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New Vollkommen Distillierbüch wolgegründter künstlicher Distillation, sampt Underweisung und Bericht, künstlich Abzuziehen oder Separieren, die fürnembste distillierte Wasser, …
BRUNSCHWIG, Hieronymus. Frankfurt am Main, heirs of Christian Egenolff, 1597.

Folio. 17th-century vellum. With title-page in red and black, woodcut publisher’s device above colophon at end, well over 300 woodcuts in the text, fraktur type, and 10 woodcut decorated fraktur initial letters. [6], 217 [= 216] ll.

Rare 16th-century edition of Brunschwig’s classic account of distillation, which in fact ranges quite broadly over botany and pharmacy and is very extensively illustrated. About three-fourths of the woodcuts provide botanical illustrations, while most of the rest show distilling equipment. It remained the authoritative manual for distillation through most of the sixteenth century.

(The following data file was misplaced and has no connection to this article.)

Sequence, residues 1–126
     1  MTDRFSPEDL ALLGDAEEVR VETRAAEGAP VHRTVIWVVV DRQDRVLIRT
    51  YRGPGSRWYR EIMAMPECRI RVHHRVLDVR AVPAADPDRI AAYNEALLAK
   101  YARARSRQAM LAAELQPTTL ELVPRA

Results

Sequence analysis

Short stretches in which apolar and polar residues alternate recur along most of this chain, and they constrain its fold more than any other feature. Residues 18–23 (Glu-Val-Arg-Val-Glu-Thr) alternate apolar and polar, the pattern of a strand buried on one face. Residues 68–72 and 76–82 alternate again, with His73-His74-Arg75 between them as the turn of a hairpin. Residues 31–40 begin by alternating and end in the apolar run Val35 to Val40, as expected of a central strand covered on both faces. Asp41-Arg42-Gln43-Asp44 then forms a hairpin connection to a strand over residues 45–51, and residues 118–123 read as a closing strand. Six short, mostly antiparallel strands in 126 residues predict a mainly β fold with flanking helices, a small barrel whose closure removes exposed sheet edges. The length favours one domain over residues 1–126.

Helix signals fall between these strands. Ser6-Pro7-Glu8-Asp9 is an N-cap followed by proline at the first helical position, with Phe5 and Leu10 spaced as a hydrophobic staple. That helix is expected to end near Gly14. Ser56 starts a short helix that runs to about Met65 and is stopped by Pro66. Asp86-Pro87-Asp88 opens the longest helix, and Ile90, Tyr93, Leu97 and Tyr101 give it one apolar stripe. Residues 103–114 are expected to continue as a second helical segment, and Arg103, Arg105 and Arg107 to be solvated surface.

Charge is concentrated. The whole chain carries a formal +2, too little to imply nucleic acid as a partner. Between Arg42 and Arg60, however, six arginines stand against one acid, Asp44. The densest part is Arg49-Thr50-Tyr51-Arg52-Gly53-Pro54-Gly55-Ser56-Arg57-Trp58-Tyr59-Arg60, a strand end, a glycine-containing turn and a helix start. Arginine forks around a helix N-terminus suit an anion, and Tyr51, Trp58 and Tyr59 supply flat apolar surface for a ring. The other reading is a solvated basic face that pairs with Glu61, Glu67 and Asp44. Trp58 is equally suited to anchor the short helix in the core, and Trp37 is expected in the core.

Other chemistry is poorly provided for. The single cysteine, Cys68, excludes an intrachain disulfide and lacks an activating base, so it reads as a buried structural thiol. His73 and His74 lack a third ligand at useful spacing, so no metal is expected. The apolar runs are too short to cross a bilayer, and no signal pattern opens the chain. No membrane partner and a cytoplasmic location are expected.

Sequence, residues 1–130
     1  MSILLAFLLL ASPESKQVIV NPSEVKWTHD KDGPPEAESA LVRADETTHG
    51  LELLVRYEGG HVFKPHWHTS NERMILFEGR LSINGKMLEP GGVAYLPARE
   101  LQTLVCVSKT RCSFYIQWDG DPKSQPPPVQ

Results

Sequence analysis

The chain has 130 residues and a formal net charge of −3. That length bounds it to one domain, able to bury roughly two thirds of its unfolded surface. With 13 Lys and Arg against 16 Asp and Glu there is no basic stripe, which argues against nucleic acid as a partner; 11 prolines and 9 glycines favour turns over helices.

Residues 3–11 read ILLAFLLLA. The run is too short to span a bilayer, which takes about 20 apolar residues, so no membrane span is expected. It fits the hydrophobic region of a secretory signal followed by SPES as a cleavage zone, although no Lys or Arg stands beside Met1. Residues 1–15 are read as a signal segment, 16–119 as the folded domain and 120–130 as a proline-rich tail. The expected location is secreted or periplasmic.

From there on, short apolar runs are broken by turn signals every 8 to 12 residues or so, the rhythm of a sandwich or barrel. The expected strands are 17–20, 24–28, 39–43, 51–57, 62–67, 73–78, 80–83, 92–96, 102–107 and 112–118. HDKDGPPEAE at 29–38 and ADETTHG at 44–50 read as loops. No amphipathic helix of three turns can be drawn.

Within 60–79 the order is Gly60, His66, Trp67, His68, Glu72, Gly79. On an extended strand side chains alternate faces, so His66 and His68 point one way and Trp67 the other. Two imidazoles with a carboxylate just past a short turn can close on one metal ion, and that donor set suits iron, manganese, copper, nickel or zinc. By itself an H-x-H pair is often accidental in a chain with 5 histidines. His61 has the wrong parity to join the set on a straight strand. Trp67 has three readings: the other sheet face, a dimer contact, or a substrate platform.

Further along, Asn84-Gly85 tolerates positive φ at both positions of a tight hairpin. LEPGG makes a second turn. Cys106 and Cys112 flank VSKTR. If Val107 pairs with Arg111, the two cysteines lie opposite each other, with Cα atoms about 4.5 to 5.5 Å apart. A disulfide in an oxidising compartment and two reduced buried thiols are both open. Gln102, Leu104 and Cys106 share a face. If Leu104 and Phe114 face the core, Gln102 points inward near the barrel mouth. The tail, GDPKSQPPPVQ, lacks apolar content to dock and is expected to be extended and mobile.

Hieronymus Brunschwig (c. 1450-c. 1512), a Strasbourg surgeon, studied the earlier medical writers critically, making good use of his own experience. While his works on surgery made valuable contributions, the present work was his most original and important. It first appeared in 1500 under the title Liber de Arte Distillandi de Simplicibus, and was quickly translated into many languages. This version became known as the Kleines Distillierbüch, while the 1512 Liber de Arte Distillandi de Compositis became known as the Gross Distillierbüch. Johan Grüninger at Strasbourg published the first and many later editions. In 1545, Christian Egenolff published a new edition at Frankfurt, the Gross Distillierbüch, and his heirs published the present edition, edited by the distinguished Strasbourg physician Walther Hermann Ryff (d. 1548).

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